Have you ever heard of low-carb eating?
Silly question, right? Of course you have. After all, it’s one of the biggest trends around. And I’m willing to bet that one way or the other you’ve got a fairly definite opinion on the matter. Because whether or not you’ve given low-carb eating a go, and regardless of how fully you understand the science of it all, it’s a controversial topic. In fact, I’d put the low-carb debate up there with oh, vegetarianism vs meat-eating, God vs the big bang or evolution, and the question of whether it’s really the man or the woman’s job to take the trash out.
But here’s the thing. I don’t believe that low-carb eating is a trend, a fad, or a fly-by-night approach to nutrition. In fact, I believe that (when approached correctly) low-carb eating is actually an ideal way to eat for not just weight management, but for optimal health. To sum up, I think that the premise of a high-fat and protein diet being bad for you and a high-carbohydrate diet – even ‘healthy’ carbs – is completely wrong. Let me explain.
the diet heart hypothesis
Many moons ago when I was a young and bright-eyed Personal Trainer I was an avid believer in the diet-heart hypothesis and all it stood for.
What’s the diet-heart hypothesis? Well, it’s the way you most likely eat, or at least the way you’ve been told to eat. It’s what your doctor and the vast majority of health practitioners teach as gospel. It’s the premise that fat and protein are risky as part of a healthy diet, and it’s based on one very important study. This study, which was finished in the 1950’s and conducted by a Mr Ancel Keys, has been quite definitely the greatest single influence on the eating trends of the Western world. And –in my opinion – is therefore the greatest culprit to point at for continuously rising obesity, heart disease and diabetes.
The diet-heart hypothesis can be summed up by the following points.
- Saturated fat is bad for you and causes heart disease, increased triglycerides and cholesterol
- Protein – especially meat – should be viewed with some element of caution due to its natural fat content
- Foods that contain cholesterol (such as egg) should be treated with the utmost suspicion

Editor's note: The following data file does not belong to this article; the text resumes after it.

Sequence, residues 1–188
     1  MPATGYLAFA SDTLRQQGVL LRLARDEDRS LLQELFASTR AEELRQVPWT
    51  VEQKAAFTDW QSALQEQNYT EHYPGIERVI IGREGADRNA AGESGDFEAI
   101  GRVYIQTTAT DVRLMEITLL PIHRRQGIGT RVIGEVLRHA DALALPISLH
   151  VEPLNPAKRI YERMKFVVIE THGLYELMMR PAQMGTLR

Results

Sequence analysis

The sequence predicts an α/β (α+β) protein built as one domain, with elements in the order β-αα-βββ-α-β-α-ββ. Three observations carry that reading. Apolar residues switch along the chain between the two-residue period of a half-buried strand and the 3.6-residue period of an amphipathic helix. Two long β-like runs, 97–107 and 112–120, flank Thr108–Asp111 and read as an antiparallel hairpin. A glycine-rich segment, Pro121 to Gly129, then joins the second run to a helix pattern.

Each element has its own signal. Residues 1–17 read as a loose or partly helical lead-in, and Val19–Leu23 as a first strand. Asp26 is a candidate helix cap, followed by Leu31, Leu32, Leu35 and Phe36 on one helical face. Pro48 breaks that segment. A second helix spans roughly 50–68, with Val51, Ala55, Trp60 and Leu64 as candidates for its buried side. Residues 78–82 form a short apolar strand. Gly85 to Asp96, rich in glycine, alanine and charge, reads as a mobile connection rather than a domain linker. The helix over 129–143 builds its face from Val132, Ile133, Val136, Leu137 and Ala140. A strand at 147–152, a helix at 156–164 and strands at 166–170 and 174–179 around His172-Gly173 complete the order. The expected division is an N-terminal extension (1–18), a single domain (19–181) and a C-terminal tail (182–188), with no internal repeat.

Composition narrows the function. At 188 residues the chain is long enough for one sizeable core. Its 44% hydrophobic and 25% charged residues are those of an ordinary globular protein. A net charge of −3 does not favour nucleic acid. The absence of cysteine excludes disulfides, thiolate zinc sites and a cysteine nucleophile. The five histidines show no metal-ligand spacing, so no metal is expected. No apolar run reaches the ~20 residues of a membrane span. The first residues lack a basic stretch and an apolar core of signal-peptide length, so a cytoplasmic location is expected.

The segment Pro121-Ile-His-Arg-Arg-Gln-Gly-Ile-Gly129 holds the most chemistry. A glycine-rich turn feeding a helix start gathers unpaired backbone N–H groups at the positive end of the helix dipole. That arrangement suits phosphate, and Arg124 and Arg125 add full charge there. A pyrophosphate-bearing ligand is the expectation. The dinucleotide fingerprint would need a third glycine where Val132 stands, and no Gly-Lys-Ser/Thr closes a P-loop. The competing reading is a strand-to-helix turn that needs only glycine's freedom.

- A healthy diet is one rich in plants such as vegetables and fruits, plenty of whole grains, and a moderate amount of lean protein and non-saturated fat
The diet-heart hypothesis has taught us that the answer to weight management and longevity is a controlled high-carbohydrate and low-calorie diet.
If only we’d been given the full picture.
Low-carb as a concept has its origins in a document from early last century titled ‘A Letter On Corpulance’ by a Mr William Banting. Banting was severely overweight, to the point of not being able to tie his own shoelaces. After being sternly admonished by his doctor, Banting put himself on a diet of unlimited meats and fats, with only one piece of bread each day, and some fruit for sugars. He ate green vegetables but not root vegetables. Within a matter of months Banting had declared himself in sounder health than he could recall and had lost a notable amount of weight. His letter on corpulence became famous worldwide.
And so the controversy began. Because despite the fact that the typical pre 1920s Western diet was basically opposite to today, being 90% protein and fat based, and despite the fact that this went hand in hand with diseases such as obesity, heart disease and diabetes being virtually unknown, every low-carb advocate from Banting forwards has been vilified for their beliefs.
I believe this is in great part because the basic concept of low-carb is seriously misunderstood. The key area of contention being the incorrect assumption that low-carb dieting is all about sacrifice, or the removal of certain foods, and another common mistake being the failure to highlight adequate nutrient intake.
Making low-carb work for you: what you put in